I used to pride myself in choosing to wear cotton clothing. I was about to start discussion with a factory in Asia about producing child-size handkerchiefs when my research informed me that conventional cotton cultivation is not very eco-friendly at all. That was how I ended up importing organic cotton handkerchiefs for sale in the UK and EU, back in 2004.
The basics on organic cotton agriculture here:
There are many issues about conventional cotton cultivation, relating to its requirements of water, pesticides, artificial fertilisers, etc. Then there is the human factor related to forced labour, child labour, etc.
There have been several "success stories" since organic●ally started. For example, Uzbekistan used to force children into picking cotton. There was a concerted effort to stop this. There was a boycott of cotton from Uzbekistan. Recently I met a staff member of ILO who reported on how the joined-up efforts of the government, international organizations and businesses have led to children being freed from this labour.
The Uzbek case shows how consumers and governments and civil society TOGETHER can make a difference.
However, while the child labour issue appears to be resolved (at least for now), there are still other "people issues" related to power and inequality.
"Beginning in 2019, the swift privatization of Uzbekistan’s cotton sector has facilitated a grand scale transfer of hundreds of thousands of hectares of farmers’ land to private operators (known as cotton “clusters”). Many of these transfers have been carried out illegally by local officials, without farmers’ consent, redress or compensation.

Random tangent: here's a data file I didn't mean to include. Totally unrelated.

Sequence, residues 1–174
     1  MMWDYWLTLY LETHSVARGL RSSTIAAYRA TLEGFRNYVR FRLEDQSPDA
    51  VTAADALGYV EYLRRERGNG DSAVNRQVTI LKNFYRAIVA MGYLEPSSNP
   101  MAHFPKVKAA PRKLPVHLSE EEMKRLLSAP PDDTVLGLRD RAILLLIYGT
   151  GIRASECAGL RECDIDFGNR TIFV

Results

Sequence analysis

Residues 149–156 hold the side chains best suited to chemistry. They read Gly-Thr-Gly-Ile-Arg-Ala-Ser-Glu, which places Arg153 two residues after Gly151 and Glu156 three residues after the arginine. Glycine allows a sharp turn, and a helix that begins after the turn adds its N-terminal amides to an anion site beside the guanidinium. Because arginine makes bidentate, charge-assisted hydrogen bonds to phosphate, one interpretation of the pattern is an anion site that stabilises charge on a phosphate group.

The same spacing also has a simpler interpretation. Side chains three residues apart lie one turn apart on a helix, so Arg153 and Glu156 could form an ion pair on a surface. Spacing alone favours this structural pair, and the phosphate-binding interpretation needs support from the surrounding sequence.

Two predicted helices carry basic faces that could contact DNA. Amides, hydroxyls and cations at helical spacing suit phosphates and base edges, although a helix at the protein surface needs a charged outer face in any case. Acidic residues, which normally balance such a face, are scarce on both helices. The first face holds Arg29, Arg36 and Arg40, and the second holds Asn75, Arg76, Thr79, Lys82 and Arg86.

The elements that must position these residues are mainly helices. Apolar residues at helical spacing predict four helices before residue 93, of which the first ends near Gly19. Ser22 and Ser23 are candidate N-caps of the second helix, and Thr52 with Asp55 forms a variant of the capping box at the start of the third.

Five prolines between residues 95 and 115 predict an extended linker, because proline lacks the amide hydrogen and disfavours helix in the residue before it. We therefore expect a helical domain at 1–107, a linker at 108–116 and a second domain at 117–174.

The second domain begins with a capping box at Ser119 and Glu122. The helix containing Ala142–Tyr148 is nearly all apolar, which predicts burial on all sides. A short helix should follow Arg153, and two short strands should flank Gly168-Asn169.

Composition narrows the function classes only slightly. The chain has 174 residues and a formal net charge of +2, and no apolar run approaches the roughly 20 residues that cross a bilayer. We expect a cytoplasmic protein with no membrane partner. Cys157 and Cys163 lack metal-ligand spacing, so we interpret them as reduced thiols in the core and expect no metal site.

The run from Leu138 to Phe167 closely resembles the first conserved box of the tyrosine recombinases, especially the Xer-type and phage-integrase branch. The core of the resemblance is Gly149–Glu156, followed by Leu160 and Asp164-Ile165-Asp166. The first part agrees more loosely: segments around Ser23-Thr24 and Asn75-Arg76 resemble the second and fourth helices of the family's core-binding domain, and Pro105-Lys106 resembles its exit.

The clusters are private, vertically integrated enterprises that combine the production of raw cotton, processing and manufacture of yarn or textiles. Farms that are not being operated directly by clusters (direct farming) are now under contract to grow cotton for them (contract farming). In general, only one cluster operates in each district of Uzbekistan’s 13 regions, which has created a monopoly situation in which farmers have no choice over whom they can produce cotton for, leaving them vulnerable to exploitative practices.
Uzbek Forum’s monitoring findings of the 2020 and 2021 cotton harvests confirmed that abusive clusters impose below-market prices for cotton, unrealistic production targets, inflated costs for inputs such as fuel and fertilizers and fail to pay for delivered cotton, leaving many farmers in crippling debt. Farmers told Uzbek Forum during the 2021 harvest they still had not received payment for cotton they delivered in 2020."
Despite all this, only about "0.1% of the country’s overall cotton production was estimated to be certified organic" (See Textile Exchange 2022 Report, page 48). There is still much to do around the world to get people to steer away from pesticide-laden agriculture, whether for clothes or for food.
2022: 60 years since the publication of Rachel Carson's Silent Spring. What happens when we kill off all the insects with our pesticides? Learn more about pesticides here.
Why organic cotton?
Read how organic cotton (and other) farming is actually helping farmers: